We compared confirmed pandemic (H1N1) 2009 influenza and seasonal influenza diagnosed in Western Australia during the 2009 influenza season. From 3,178 eligible reports, 984 pandemic and 356 seasonal influenza patients were selected; 871 (88.5%) and 288 (80.9%) were interviewed, respectively. Patients in both groups reported a median of 6 of 11 symptoms; the difference between groups in the proportion reporting any given symptom was = 1 underlying condition, and only diabetes was associated with pandemic (H1N1) 2009 influenza (odds ratio [OR] 1.9, 95% confidence interval [Cl] 1.1-3.5). A total of 129 (14.8%) persons with pandemic (H1N1) 2009 and 36 (12.5%) persons with seasonal influenza were hospitalized (p = 0.22). After controlling for age, we found that patient hospitalization was associated with pandemic (H1N1) 2009 influenza (OR 1.5; 95% Cl 1.1-2.1). Contemporaneous pandemic and seasonal influenza infections were substantially similar in terms of patients' symptoms, risk factors, and proportion hospitalized.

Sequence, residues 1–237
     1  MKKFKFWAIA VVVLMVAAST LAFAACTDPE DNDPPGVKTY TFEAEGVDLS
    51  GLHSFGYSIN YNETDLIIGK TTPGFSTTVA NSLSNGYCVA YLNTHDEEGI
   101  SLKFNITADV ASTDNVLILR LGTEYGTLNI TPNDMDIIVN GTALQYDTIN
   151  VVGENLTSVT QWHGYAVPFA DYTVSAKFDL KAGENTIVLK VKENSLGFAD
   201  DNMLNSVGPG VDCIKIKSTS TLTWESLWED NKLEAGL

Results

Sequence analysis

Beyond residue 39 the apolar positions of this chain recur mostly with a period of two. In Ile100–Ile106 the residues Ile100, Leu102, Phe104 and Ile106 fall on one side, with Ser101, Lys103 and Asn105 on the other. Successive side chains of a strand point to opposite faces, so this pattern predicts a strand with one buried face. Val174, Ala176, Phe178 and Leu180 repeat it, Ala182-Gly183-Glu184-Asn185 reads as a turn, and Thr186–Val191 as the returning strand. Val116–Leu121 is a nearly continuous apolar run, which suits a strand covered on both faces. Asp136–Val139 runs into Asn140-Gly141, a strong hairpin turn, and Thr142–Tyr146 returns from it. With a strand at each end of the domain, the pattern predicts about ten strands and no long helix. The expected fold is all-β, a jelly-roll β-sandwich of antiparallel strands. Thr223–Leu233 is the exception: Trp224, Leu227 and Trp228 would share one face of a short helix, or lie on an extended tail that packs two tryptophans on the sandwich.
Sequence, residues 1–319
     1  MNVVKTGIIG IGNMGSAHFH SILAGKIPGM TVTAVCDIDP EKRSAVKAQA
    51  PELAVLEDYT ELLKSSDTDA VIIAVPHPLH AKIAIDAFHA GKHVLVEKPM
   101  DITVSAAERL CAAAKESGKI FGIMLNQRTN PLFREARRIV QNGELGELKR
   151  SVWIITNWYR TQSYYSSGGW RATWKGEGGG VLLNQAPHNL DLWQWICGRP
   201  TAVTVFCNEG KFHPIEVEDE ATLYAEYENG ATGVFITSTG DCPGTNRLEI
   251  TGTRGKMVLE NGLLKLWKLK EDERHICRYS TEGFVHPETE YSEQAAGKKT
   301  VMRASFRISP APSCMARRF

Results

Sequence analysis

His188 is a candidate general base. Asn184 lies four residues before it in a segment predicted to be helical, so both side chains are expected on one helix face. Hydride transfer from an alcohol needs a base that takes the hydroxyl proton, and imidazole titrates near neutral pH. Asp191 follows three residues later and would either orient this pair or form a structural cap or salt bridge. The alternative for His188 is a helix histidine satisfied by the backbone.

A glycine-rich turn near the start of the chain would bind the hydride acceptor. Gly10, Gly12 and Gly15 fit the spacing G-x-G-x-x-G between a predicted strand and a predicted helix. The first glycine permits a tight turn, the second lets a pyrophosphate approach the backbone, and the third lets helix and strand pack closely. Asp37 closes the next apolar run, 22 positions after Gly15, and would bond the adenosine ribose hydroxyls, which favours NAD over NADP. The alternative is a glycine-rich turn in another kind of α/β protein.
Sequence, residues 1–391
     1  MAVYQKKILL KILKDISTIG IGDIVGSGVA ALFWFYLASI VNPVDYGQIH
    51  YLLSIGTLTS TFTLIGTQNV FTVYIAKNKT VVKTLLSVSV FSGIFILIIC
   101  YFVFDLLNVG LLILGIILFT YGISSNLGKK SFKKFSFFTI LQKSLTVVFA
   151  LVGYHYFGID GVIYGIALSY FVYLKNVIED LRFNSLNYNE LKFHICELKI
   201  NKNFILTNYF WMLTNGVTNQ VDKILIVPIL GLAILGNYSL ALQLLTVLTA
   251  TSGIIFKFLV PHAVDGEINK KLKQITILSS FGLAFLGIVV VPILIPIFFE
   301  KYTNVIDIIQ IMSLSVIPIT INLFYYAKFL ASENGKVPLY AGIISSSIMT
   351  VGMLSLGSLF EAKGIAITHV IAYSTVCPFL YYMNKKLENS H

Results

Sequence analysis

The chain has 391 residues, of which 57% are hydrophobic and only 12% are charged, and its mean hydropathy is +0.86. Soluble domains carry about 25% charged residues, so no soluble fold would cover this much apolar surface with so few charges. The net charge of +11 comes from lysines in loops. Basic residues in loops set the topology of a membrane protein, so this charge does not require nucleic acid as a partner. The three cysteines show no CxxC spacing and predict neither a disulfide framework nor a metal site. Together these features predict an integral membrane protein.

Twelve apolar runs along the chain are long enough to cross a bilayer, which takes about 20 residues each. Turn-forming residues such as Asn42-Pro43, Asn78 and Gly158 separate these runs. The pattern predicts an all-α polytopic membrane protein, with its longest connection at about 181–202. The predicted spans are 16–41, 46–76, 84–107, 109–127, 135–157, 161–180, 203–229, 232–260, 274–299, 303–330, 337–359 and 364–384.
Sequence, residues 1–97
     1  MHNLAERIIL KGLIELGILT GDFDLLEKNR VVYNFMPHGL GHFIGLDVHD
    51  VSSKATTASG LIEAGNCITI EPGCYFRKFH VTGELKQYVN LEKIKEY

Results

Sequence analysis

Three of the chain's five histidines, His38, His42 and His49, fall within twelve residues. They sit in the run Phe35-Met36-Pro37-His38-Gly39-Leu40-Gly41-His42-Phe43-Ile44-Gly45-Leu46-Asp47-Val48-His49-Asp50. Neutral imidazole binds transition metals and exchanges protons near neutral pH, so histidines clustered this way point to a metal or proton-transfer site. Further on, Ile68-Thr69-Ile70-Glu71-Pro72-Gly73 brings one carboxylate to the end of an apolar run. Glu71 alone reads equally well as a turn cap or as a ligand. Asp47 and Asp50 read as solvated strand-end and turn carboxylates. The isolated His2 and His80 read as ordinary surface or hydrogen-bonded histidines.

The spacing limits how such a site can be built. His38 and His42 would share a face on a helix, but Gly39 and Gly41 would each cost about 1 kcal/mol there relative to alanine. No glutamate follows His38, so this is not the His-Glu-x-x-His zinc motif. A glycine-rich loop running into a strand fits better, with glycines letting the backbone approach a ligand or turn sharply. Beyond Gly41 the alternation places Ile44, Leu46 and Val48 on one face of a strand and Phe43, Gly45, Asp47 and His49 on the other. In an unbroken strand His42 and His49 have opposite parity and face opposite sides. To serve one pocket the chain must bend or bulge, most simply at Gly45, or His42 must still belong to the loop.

Carcione, D., Giele, C., Dowse, G. K., Mak, D. B., Goggin, L., Kwan, K., Williams, S., Smith, D., & Effler, P. (2010). Comparison of Pandemic (H1N1) 2009 and Seasonal Influenza, Western Australia, 2009. Emerging Infectious Diseases, 16(9), 1388-1395. https://doi.org/10.3201/eid1609.100076